British Asian Trust and UBS Optimus Foundation have launched a development impact bond (DIB) of $11 million, to invest in NGOs and social enterprises for improving quality of education in India. With this social finance tool, the consortium aims to improve literacy and numeracy skills for more than 300,000 children. The funds will be raised from the Michael & Susan Dell Foundation, Tata Trusts, The Mittal Foundation, British Telecom and Comic Relief. This consortium of government, private sector, not-for-profits plans to double the DIB in size in the coming years.
DIBs are results-based finance mechanisms and the donors/philanthropists only pay for successful results. If the outcomes are not achieved, the funders do not pay. The working capital that enables the NGOs to deliver the programmes comes from 'risk' investors, in this case UBS Bank, who can recover their capital and earn a return if the programme is successful and pre-determined education outcomes are met.
"We define learning outcomes right at the start, so we know what we are measuring and once an independent auditor verifies the results, the donor releases the money," says Richard Hawkes, Chief Executive, British Asian Trust.
"Since UBS is taking the risk, they earn a six per cent interest on the capital lent for the successful programmes, which they have committed to invest for social good," he says.
He adds, "DIB will also enable the not-for profit sector to think strategically about scalability, sustainability and think commercially to make positive difference." According to him, this is the world's largest ever DIB in education.
They have shortlisted three local partners in India for service delivery: Gyanshala, Kaivalya Education Foundation, a Piramal initiative, and the Society for All Round Development. Outcomes of the programme will be assessed by an independent evaluator, Gray Matters India. Dalberg Global Advisors serves as programme manager and will work together with local NGOs to maximise outcomes. The UK Government, through the Department for International Development (DFID), is also providing technical assistance to the programme, including funding for programme management, legal advice, learning and evaluation.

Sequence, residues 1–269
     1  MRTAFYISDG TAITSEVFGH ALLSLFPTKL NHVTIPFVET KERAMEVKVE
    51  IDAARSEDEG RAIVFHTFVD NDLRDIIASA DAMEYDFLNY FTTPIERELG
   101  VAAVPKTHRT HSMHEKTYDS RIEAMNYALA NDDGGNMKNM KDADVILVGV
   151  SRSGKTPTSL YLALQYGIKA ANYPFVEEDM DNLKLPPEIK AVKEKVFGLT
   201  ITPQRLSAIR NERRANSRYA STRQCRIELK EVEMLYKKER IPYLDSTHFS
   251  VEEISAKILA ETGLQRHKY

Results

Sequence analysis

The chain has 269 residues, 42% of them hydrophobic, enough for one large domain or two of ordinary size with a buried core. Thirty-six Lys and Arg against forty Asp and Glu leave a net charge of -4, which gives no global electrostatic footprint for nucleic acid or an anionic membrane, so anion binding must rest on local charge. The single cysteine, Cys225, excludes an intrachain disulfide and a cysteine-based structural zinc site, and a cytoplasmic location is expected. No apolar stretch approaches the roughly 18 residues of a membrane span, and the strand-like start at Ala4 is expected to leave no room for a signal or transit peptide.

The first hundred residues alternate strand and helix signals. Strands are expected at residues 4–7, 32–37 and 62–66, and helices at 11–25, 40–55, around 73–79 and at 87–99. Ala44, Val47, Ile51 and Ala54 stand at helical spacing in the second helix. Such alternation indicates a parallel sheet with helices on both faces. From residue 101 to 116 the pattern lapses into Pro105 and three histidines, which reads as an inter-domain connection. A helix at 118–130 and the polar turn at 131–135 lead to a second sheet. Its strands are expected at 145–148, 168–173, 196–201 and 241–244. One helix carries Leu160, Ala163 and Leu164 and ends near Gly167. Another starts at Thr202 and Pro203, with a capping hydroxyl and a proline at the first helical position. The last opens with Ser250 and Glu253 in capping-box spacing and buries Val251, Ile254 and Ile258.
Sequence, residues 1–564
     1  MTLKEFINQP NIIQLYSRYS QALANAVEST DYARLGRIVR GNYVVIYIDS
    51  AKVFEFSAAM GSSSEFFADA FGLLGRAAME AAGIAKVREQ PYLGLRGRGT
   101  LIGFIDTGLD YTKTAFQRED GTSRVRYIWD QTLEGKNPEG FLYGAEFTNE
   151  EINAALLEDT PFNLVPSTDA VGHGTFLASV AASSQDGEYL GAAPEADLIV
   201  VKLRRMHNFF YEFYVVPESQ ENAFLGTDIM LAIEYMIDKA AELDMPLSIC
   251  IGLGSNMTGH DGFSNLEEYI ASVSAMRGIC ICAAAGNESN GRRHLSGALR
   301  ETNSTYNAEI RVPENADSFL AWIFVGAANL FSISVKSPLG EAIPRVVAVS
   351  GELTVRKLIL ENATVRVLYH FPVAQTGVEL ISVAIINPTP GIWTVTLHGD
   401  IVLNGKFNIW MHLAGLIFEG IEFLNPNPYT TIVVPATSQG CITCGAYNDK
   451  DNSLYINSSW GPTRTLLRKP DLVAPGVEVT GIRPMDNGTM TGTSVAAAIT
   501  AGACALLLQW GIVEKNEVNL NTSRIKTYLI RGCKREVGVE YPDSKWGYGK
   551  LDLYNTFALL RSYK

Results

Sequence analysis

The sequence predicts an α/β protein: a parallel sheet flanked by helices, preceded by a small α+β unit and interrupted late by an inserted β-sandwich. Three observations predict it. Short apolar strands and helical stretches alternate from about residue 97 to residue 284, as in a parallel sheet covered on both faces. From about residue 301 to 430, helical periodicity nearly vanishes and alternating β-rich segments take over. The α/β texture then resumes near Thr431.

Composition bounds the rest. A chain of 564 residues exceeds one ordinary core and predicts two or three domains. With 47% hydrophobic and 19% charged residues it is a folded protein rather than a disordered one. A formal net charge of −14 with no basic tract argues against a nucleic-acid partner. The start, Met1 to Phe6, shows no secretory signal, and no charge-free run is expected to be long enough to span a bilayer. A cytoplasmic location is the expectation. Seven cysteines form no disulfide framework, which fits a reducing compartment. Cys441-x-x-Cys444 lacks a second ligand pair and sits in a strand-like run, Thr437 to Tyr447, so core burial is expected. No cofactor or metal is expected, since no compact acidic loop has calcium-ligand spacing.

This project is a result of the pilot of $1 million DIB in Rajasthan that was implemented in collaboration with Educate Girls.
"The Quality Education India DIB will achieve greater scale and also provide scope for innovation by comparing different education programs. DIBs align incentives between different actors. And so they have the potential to shift the development sector to focus on results and bring in substantial new capital to create social impact at a far greater scale," said Phyllis Costanza, CEO, UBS Optimus Foundation.
Commenting on the launch, Arun Jaitley, Honourable Union Minister of Finance and Corporate Affairs, Government of India, said, "This type of outcome-based funding is fundamental for driving quality and improving learning outcomes in the education sector."
India has achieved a 99 per cent enrolment rate of school children at primary level, but quality of learning has remained poor. Reports have suggested that an Indian student is at least two grades behind the level that is expected for their age.